E. Reilly, R. Allen, B. Geary, E. Hopla and L. O’Donnell
16:50–17:15   Examining the relationships between Holocene climate change, vegetation history and human
              activities in the wetlands of Ireland: case studies from Littleton Bog (Co. Tipperary) and
              Kinnegad Bog (Co. Meath)
              N.P. Branch, D.S. Young, S. Black, G. Dormer, I.P. Matthews, J. McCarroll, O. Pritchard and J.
17:15–17:45   Discussion

                                         UCD School of Archaeology

   Newman Building, College of Arts and Celtic Studies, University College Dublin, Belfield, Dublin 4, Ireland
                                             Session 2
Sunday 7th of February
09:00–09:25   Title pending
              M. Keane/S. Kirwan
09:25–09:50   Torture or Ritual: Interpreting Irish Iron Age Bog Bodies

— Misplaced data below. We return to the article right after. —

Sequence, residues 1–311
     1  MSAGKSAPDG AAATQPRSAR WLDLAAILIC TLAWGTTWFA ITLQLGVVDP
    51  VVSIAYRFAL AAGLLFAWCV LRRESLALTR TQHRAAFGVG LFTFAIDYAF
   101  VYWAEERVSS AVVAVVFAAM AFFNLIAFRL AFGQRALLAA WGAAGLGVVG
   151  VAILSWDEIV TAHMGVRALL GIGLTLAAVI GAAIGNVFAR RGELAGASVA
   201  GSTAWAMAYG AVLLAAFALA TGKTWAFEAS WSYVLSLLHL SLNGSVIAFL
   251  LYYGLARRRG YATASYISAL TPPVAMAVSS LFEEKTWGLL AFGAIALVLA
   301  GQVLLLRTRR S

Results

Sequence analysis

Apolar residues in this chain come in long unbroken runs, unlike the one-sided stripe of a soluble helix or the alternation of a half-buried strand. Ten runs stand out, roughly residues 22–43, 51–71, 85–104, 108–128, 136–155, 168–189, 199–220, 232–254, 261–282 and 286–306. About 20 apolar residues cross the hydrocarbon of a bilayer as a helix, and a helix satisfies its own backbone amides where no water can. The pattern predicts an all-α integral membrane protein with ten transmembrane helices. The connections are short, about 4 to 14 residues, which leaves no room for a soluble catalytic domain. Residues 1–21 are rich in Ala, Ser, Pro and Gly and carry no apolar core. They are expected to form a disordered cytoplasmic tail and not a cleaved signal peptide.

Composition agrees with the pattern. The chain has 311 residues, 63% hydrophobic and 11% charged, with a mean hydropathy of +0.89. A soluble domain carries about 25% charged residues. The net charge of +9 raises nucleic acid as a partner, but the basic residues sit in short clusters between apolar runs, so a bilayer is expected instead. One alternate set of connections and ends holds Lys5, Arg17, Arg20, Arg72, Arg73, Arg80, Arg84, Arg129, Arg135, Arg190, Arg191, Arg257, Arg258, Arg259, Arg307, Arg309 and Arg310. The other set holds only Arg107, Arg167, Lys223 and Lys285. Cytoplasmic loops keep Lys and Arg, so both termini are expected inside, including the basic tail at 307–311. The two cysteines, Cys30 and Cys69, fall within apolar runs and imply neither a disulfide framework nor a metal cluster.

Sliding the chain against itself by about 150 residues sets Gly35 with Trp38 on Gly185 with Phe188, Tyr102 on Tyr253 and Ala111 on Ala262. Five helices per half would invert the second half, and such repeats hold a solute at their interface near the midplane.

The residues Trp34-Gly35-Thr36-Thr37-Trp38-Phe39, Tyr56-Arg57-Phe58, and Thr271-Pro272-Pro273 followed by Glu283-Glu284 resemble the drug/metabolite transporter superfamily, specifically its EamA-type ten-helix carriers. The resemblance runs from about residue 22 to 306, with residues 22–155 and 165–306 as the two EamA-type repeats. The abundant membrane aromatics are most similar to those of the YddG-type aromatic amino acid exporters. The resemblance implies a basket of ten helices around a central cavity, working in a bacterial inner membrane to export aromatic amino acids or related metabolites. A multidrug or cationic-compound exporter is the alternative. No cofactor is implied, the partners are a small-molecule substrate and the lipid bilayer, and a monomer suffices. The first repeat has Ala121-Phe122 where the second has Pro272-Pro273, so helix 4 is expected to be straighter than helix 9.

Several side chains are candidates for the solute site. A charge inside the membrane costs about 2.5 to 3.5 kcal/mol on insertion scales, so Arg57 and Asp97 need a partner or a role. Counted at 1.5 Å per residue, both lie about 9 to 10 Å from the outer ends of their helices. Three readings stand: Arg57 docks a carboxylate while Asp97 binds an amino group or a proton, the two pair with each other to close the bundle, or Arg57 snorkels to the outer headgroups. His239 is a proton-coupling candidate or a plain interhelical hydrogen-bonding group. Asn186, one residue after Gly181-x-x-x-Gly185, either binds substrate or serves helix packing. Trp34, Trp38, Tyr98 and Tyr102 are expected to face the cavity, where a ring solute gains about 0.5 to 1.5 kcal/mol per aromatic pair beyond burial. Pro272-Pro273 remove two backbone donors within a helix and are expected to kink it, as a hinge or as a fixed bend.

E. Kelly
09:50–10:15   Peatland excavations and surveys in BnM Peatlands 1999-present
              J. Whitaker
10:15–10:40   Northern Ireland's foreshore frontier: archaeological research on the intertidal zone and
              T.C. McErlean
10:40–10:50   Discussion
10:50–11:15   Coffee
11:15–11:40   Practically ritual? The practice of artefact deposition at Edercloon, Co. Longford
              C. Moore
11:40–12:05   Wetland Deposition: context, content and contrast
              K. Becker
12:05–12:30   The Fergus estuary and islands: new views over an estuarine landscape
              M. Dillon and A. O'Sullivan
12:30–12:55   ‘You can't always get what you want’: a client’s perspective on wetland archaeology
              R. Swan
12:55–13:10   Discussion
13:10–14:00   Lunch & Posters
14:00–14:25   Palaeoecology, sedimentology and archaeology: untangling the environmental and human
              history of Belderrig, north County Mayo, Ireland
              N. Holmes
14:25–14:50   An Appraisal of the Archaeology of N. Ireland’s Rivers: A Catchment-Based Approach
              R. McNeary
14:50–15:15   Sequencing and correlation of wetland archaeological and environmental records in the Irish
              Midlands: the need for robust chronological approaches